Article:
Use it as a natural food coloring in cake batter and icings, or make a less-sweet snickerdoodle by rolling the cookies in matcha-sugar. Infuse it into milk or coconut milk before you make ice cream, or incorporate it into a citrusy dry-rub for salmon or tuna. Sprinkle matcha over poached eggs to intensify their savoriness, or cream butter with matcha and granulated sugar, then spread it over toasted brioche. Or shake ½ teaspoon into a lemony, herbal cocktail.
Most importantly, EGCg and other catechins counteract the effects of free radicals from the likes of pollution, UV rays, radiation, and chemicals, which can lead to cell and DNA damage. Since over 60% of the catechins in matcha are actually EGCg, a daily matcha regimen can help restore and preserve the body’s integral well-being and balance. Read more on our Change The Odds Page.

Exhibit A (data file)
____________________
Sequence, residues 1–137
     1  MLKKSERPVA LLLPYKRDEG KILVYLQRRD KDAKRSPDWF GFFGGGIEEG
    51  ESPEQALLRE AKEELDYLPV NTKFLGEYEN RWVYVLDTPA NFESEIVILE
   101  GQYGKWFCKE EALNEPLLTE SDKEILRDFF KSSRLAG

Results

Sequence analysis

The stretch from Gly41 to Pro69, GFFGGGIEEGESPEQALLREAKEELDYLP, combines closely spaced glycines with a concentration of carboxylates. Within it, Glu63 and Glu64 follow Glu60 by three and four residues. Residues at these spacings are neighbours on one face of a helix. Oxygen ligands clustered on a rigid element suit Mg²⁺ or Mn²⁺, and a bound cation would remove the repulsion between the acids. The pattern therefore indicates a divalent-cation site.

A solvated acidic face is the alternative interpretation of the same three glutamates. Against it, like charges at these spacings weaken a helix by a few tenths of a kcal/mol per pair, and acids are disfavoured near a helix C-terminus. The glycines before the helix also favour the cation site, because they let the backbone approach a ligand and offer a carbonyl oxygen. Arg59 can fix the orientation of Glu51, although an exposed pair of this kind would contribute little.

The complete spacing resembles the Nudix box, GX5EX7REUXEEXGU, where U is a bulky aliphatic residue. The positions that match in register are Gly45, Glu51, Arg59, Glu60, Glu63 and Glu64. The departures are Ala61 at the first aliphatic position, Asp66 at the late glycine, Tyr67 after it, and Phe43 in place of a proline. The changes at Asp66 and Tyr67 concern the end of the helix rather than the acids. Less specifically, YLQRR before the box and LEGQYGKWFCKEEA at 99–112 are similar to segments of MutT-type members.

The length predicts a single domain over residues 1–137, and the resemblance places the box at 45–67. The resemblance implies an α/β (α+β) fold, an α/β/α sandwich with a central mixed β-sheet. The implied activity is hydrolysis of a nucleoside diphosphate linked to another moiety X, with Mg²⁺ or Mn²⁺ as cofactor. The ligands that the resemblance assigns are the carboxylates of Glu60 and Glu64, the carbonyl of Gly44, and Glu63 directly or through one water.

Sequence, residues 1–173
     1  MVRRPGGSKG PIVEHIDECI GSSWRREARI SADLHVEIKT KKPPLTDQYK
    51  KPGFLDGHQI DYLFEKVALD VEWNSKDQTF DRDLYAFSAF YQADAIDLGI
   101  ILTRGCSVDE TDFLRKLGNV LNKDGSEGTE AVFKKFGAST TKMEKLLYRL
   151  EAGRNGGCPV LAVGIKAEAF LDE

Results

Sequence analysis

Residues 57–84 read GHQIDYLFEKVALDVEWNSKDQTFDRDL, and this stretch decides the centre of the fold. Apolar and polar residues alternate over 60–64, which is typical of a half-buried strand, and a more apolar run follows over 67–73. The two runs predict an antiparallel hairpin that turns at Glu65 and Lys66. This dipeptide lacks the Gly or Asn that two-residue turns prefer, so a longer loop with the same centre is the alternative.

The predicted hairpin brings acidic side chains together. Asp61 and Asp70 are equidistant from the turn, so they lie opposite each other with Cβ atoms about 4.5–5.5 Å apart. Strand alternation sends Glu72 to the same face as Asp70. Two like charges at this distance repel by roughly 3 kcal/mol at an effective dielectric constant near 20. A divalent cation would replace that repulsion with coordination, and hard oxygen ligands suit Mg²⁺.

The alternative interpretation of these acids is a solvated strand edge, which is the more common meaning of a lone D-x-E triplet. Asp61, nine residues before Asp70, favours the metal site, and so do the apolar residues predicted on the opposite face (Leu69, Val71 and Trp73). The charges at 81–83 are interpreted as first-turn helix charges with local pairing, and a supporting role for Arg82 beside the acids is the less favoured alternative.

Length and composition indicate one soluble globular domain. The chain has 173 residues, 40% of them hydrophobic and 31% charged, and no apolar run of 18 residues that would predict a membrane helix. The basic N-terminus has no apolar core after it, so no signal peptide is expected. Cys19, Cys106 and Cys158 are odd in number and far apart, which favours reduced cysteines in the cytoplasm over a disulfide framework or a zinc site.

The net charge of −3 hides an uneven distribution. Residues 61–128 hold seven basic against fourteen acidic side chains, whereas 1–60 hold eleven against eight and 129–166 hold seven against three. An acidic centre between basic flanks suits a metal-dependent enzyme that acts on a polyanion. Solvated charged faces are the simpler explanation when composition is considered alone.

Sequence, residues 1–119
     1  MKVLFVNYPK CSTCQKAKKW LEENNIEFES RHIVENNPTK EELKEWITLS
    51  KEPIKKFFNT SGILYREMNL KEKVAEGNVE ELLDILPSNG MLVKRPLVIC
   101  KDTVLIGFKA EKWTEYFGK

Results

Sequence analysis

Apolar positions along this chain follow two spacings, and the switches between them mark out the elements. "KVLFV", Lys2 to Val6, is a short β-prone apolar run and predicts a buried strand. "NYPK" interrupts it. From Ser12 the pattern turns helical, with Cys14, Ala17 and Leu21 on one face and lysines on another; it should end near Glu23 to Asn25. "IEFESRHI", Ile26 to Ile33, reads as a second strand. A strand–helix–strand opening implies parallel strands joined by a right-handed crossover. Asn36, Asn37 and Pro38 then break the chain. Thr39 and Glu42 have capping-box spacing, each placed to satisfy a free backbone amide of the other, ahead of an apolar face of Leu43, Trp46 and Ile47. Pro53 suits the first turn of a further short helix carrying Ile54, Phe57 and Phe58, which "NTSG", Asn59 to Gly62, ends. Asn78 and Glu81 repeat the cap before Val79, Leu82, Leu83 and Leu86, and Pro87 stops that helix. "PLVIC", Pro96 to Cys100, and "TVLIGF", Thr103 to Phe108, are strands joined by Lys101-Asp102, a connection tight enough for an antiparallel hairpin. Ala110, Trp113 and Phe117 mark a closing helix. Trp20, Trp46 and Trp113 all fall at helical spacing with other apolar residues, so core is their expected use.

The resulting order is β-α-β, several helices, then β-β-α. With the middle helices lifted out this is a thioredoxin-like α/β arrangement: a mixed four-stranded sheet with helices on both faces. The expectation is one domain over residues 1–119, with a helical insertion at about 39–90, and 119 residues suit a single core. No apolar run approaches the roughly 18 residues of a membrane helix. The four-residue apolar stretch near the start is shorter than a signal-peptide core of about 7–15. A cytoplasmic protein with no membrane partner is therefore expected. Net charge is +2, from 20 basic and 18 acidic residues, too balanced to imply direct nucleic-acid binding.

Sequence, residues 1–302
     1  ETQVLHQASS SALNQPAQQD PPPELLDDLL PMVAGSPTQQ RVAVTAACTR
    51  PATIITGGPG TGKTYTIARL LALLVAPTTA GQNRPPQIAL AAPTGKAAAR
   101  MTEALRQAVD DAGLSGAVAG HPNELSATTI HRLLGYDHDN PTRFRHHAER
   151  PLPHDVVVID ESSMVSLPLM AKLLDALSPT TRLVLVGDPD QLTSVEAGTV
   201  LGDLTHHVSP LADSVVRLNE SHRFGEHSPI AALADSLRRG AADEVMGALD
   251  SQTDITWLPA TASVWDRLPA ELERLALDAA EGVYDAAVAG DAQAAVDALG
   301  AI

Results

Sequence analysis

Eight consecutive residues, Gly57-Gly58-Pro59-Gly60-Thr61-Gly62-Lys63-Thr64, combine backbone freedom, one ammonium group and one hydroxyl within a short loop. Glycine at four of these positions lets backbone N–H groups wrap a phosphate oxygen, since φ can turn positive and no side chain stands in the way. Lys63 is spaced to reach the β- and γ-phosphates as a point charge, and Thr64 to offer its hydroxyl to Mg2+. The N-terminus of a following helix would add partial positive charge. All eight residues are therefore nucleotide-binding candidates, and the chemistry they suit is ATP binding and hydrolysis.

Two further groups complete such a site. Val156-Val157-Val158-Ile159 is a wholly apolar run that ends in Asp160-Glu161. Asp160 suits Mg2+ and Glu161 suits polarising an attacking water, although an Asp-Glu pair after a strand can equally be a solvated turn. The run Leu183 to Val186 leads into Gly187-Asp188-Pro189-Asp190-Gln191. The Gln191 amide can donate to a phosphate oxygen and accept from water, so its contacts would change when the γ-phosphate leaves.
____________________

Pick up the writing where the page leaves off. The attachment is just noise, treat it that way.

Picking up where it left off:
Tea culture of Korea was actively suppressed by the Japanese during the Japanese forced occupation period (1910‒1945), and the subsequent Korean War (1950‒1953) made it even harder for the Korean tea tradition to survive.[70] The restoration of the Korean way of tea began in the 1970s, around Dasolsa.[70] Commercial production of green tea in South Korea only began in the 1970s,.[71] By 2012 the industry was producing 20% as much tea as Taiwan and 3.5% as much as Japan.[72][73] Green tea is not as popular as coffee or other types of Korean teas in modern South Korea. The annual consumption per capita of green tea in South Korea in 2016 was 0.16 kg (0.35 lb), compared to 3.9 kg (8.6 lb) coffee.[74] Recently however, as the coffee market reached saturation point, South Korean tea production doubled during 2010‒2014,[75] as did tea imports during 2009-2015,[76] despite very high tariff rate (513.6% for green tea, compared to 40% for black tea, 8% for processed/roasted coffee, and 2% for raw coffee beans).